In a city as large as Busan, there is always something new to discover. I think it’s important to take the time to explore everything a city has to offer, especially if it’s something completely new and different to you.
This past weekend, Cody and I ventured over to the Pusan National University (PSU) area to visit the Busan Marine Natrual History Museum. Cody is a massive fan of all things aquatic, so he was pretty excited when he came across this museum on one of the tourism pages. I love a good museum trip, so I was looking forward to the visit too.
The museum is free admission, which is always a plus. There are audio tours you can rent, but we chose to wander by ourselves. It’s two four story buildings linked by a bridge, but you’ll never get lost because Korean museums almost always have arrows on the floors to tell you exactly which path to walk to see everything. There are thousands of items on display (including models of fish and some of the worst taxidermy I’ve ever seen) as well as a reptile house, fossil room, and aquarium.
My favorite part of the museum was the display of Korean mother-of-pearl handicrafts and other works of art made from shells and abalone. They were absolutely stunning to see in person. (I apologize in advance for being a reflection in every picture. Everything was behind glass, so I did the best I could.)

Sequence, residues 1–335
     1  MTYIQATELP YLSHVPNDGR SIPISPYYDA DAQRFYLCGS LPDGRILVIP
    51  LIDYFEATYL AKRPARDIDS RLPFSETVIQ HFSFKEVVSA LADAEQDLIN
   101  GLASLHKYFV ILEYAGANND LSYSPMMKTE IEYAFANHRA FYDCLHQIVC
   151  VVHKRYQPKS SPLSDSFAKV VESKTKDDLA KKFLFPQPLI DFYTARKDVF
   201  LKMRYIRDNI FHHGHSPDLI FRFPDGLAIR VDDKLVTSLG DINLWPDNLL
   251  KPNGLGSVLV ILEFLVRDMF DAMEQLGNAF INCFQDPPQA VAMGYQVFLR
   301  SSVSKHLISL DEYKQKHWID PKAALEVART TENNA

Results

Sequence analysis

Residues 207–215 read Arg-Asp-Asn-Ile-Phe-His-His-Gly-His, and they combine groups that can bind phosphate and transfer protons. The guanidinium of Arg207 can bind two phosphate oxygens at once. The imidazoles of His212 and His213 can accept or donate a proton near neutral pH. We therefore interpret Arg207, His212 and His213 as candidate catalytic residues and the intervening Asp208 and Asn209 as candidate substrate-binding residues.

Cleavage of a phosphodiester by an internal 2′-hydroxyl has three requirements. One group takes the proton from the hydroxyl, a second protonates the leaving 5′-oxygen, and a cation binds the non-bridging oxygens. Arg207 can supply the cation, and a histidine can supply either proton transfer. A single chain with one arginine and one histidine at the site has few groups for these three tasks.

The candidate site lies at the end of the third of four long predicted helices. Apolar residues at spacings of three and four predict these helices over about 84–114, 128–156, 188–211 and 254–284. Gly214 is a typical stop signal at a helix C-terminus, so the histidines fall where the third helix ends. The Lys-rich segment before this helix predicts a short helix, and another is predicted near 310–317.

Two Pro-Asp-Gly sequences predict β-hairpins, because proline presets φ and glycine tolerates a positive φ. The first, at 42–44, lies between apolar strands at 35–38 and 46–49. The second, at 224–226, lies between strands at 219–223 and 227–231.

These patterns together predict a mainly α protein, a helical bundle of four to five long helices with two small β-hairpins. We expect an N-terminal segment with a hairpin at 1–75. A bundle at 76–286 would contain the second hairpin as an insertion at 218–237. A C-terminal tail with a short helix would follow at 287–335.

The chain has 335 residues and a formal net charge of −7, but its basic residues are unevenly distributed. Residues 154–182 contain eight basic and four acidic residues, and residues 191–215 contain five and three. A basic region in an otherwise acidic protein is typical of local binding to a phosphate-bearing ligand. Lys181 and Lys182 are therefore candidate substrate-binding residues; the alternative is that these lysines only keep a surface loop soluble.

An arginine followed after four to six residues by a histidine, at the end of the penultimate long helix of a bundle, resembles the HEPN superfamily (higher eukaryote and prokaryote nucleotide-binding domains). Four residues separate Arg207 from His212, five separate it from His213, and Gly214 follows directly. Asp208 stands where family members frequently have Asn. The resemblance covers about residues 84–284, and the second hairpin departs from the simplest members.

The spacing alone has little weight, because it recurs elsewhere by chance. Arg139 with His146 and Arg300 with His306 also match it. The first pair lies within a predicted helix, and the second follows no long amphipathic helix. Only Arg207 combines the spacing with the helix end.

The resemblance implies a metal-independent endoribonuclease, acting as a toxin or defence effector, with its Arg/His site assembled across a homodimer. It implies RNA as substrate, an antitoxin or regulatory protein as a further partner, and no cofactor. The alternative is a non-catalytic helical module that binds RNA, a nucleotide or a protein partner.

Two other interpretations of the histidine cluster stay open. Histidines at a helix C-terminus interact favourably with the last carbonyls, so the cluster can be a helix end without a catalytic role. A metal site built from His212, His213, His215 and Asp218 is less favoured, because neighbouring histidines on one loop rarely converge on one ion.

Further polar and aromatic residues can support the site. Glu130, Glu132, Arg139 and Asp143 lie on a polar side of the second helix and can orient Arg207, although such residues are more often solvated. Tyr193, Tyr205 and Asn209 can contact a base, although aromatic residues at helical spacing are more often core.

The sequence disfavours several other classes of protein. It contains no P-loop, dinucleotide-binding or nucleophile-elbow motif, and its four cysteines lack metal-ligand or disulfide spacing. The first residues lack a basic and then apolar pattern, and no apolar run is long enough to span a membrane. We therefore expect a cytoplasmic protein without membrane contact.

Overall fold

One of my favorite things about Korea is how when you go to visit one place, you discover a ton of other little things of interest all around it. A prime example of this is what Cody and I discovered out behind the museum. Along with a “Dinosaur Park” (which, sadly, only featured one loney Iguanadon statue that I named Lonesome Iggy), there was a beautiful temple/burial memorial, a small amusement park, and a cable car that would take you to the top of the mountain to see the fortress city that has been restored.
It was too late in the day to take a ride up to the mountain fortress (the map made it look absolutely massive!), but we have plans to check it out soon. I’m definitley glad we made the decision to wander around outside the museum instead of just heading back to the subway and going home, or else we never would have know that those things were there. Have you ever found any hidden gems when you went exploring?